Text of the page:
After Jeremy Corbyn was elected leader of the British Labour Party in 2015, the party for the first time took a stance against austerity. The new leadership proposed to raise investment and productivity; nationalise some utilities; end privatisations; improve trade union rights, wages and conditions; a Green New Deal creating a million jobs; a rise in taxation of capital and the rich, to fund a 10% rise in spending on public services and benefits; consequent expansion and improvements of services, better wages and conditions, some services made free; large scale council house building, and re-regulation of private renting. This programme goes no further than governments in the postwar boom; but after forty years of neoliberalism it is a radical turn to the left. The party, however, came up against an offensive by the far right to engineer Britain’s exit from the EU and thus deepen neoliberalism, using xenophobia to gain popular support; the Conservative win in the 2019 election marked a victory for this project and a severe defeat for Labour and the working class. This article seeks to explain this outcome by considering the dialectics of long-standing structures of British political economy, the inheritance of neoliberalism, and the strategies and tactics of the Conservative and Labour Parties. It examines the aims of the far right in Britain in relation to capital, and the campaigns of Labour on its economic and Brexit policies. The article focuses particularly on popular consciousness: the rise of individualism and xenophobia arising from daily life under neoliberalism; poor understanding of the economics of austerity and Brexit; variation of these by age and geography; and consequent votes in the referendum and two general elections. It concludes with some reflections on strategies for social democratic parties in the present period.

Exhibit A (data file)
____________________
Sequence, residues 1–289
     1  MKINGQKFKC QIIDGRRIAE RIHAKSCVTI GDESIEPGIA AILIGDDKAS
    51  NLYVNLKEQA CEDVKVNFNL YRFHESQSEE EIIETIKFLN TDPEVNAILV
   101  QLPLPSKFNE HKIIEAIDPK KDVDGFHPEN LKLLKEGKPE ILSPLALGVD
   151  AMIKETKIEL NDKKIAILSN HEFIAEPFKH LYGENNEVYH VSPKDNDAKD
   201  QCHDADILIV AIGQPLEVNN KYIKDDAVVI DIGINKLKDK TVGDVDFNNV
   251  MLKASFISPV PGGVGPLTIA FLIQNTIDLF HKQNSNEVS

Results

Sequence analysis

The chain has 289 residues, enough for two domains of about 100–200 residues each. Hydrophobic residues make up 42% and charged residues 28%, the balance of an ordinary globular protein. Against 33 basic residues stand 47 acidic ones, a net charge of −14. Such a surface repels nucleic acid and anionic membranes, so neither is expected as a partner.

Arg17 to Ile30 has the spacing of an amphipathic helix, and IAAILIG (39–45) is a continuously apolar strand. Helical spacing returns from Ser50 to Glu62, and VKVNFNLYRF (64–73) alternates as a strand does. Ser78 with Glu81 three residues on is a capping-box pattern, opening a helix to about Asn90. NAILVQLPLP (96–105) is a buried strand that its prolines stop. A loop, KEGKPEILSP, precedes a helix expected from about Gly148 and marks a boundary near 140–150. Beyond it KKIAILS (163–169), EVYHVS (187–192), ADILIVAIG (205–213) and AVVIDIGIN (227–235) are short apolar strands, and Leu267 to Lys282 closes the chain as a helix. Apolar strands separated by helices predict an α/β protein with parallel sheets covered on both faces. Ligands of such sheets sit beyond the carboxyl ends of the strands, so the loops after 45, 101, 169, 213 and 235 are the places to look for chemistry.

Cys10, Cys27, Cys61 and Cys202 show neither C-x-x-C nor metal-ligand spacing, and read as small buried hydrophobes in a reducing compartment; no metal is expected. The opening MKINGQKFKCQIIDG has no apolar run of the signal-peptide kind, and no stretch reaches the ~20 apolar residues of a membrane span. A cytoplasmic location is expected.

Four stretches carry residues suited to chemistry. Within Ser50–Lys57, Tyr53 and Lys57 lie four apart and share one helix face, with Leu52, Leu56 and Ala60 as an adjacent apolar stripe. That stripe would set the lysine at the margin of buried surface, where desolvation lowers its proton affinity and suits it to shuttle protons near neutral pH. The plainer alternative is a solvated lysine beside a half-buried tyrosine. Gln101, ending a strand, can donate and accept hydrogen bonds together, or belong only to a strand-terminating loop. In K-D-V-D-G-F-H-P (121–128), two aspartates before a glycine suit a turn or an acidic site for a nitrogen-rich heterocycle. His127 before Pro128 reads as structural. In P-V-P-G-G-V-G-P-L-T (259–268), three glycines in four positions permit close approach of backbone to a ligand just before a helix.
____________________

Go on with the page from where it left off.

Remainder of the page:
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Creative Commons Attribution 4.0 License
This work is licensed under a Creative Commons Attribution 4.0 License.